ARC: TDTDCB Chapter 3

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MSJ

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« on: April 23, 2018, 10:52:43 am »
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If the world is a game whose rules are written by the God, and sorcerers are those who cheat and cheat, then who has written the rules of sorcery?

—ZARATHINIUS, A DEFENCE OF THE ARCANE ARTS

As always, its here for your leisure.
“No. I am your end. Before your eyes I will put your seed to the knife. I will quarter your carcass and feed it to the dogs. Your bones I will grind to dust and cast to the winds. I will strike down those who speak your name or the name of your fathers, until ‘Yursalka’ becomes as meaningless as infant babble. I will blot you out, hunt down your every trace! The track of your life has come to me,

BeardFisher-King

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« Reply #1 on: April 23, 2018, 12:33:45 pm »
First of all, what a great epigraph! Who, indeed?
"The heart of any other, because it has a will, would remain forever mysterious."

-from "Snow Falling On Cedars", by David Guterson

Wilshire

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« Reply #2 on: April 23, 2018, 05:40:36 pm »
First of all, what a great epigraph! Who, indeed?

Read a different fantasy series where God(s), ie the creators for the world(s), turn out to be just exceptionally powerful sorcerers. They go so far to say "sufficiently powerful magic is indistinguishable from miracles" and of course by extension, sufficiently powerful mages are therefore indistinguishable from a God.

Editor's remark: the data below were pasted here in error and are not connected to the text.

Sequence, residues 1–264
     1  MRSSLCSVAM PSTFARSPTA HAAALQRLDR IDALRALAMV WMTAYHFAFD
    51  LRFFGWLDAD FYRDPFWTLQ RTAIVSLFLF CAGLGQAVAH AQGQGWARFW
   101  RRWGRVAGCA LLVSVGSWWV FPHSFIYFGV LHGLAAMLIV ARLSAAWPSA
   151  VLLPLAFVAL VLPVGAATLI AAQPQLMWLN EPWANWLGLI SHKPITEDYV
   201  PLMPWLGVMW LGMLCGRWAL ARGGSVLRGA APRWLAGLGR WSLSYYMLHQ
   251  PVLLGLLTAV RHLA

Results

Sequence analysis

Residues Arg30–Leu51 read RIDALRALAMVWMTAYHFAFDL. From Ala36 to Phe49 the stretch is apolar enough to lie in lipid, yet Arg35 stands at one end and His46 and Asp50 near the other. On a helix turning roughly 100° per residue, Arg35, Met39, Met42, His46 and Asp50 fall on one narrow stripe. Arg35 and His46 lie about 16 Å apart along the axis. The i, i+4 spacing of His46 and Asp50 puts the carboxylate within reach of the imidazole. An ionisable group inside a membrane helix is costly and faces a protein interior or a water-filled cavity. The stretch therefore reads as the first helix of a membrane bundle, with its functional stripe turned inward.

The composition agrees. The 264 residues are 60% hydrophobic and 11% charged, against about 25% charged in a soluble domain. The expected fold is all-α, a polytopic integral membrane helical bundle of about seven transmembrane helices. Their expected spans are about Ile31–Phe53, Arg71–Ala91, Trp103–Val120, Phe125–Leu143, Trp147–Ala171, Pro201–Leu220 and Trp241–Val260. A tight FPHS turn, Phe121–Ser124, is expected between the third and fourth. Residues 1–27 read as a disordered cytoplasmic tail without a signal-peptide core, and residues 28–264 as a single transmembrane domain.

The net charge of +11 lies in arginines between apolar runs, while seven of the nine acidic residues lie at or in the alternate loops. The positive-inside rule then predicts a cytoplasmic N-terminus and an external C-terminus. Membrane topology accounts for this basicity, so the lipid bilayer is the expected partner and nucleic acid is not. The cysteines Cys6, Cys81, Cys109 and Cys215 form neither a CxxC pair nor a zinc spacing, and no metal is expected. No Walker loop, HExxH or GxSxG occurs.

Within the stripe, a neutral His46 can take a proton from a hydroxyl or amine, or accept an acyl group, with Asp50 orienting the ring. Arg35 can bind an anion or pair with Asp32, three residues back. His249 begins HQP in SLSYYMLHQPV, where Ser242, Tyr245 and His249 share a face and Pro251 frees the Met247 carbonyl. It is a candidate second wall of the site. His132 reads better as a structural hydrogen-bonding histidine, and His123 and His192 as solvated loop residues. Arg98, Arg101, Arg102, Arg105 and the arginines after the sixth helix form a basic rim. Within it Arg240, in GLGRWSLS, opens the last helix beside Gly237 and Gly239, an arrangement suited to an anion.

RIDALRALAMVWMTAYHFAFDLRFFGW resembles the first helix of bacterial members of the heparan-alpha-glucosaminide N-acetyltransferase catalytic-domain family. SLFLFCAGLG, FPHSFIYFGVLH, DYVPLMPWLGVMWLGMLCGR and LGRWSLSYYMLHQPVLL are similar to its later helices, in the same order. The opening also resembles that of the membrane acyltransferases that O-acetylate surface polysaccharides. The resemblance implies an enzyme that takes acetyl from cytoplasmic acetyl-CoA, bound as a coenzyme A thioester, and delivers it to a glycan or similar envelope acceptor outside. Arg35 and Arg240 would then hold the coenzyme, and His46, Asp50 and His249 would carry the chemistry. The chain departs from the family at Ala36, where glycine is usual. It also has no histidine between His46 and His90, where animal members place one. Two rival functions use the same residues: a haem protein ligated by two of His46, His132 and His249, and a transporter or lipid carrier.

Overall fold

I thought the analogy very apt for TSA - especially given Kellhus God-nosis.
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TheCulminatingApe

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« Reply #3 on: April 24, 2018, 07:22:13 pm »
A pretty good read, this Chapter.

Note Achamian's recollections of when he first experienced the onta "the collapse of seeing into being... or the collapse of subject and object?

The Tusk is described as "innocent", and later Maithanet tells Proyas that "it witnesses us, even as we behold it.  Shades of WHAT DO YOU SEE?

"... the place had become an artifact and the artifact a place.  To walk in Sumna was to walk through scripture.  A place with deep meaning

Maithanet is "as tall as any Norsirai - hints of his origin?  His name means "instruction" and he is "to be obeyed".

It is implied quite strongly that Sarcellus is Consult.
Sez who?
Seswatha, that's who.

MSJ

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« Reply #4 on: April 25, 2018, 01:06:11 am »
Reading. Chapter 3, and this from Akka PoV, I thought foreshadowing of his prophet of the past role.

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And Achamian wondered where it all went, the past, and why, if it were gone, it made his heart ache so.
“No. I am your end. Before your eyes I will put your seed to the knife. I will quarter your carcass and feed it to the dogs. Your bones I will grind to dust and cast to the winds. I will strike down those who speak your name or the name of your fathers, until ‘Yursalka’ becomes as meaningless as infant babble. I will blot you out, hunt down your every trace! The track of your life has come to me,

MSJ

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« Reply #5 on: April 25, 2018, 01:24:24 am »
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Its meaning would be unknown to you. Mai’tathana is Thoti-Eännorean, the language of the Tusk. It means ‘instruction.’”

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The fact that Maithanet so effortlessly secured the Seat. That he was able, in a matter of weeks, to purge the Shrial Apparati of all the Emperor’s spies.”